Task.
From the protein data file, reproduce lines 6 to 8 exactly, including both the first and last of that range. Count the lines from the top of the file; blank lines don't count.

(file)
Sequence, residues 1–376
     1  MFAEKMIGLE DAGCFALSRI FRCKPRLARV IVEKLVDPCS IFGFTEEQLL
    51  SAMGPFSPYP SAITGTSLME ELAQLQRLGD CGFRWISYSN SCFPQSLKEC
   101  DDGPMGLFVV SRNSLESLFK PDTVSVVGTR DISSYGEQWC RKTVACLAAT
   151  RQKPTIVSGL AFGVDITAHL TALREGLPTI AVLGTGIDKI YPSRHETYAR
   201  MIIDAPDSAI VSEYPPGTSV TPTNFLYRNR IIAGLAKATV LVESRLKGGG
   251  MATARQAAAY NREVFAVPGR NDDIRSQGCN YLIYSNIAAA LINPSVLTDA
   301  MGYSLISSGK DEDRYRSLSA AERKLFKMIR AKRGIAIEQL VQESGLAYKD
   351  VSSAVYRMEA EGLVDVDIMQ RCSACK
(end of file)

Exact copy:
   201  MIIDAPDSAI VSEYPPGTSV TPTNFLYRNR IIAGLAKATV LVESRLKGGG
   251  MATARQAAAY NREVFAVPGR NDDIRSQGCN YLIYSNIAAA LINPSVLTDA
   301  MGYSLISSGK DEDRYRSLSA AERKLFKMIR AKRGIAIEQL VQESGLAYKD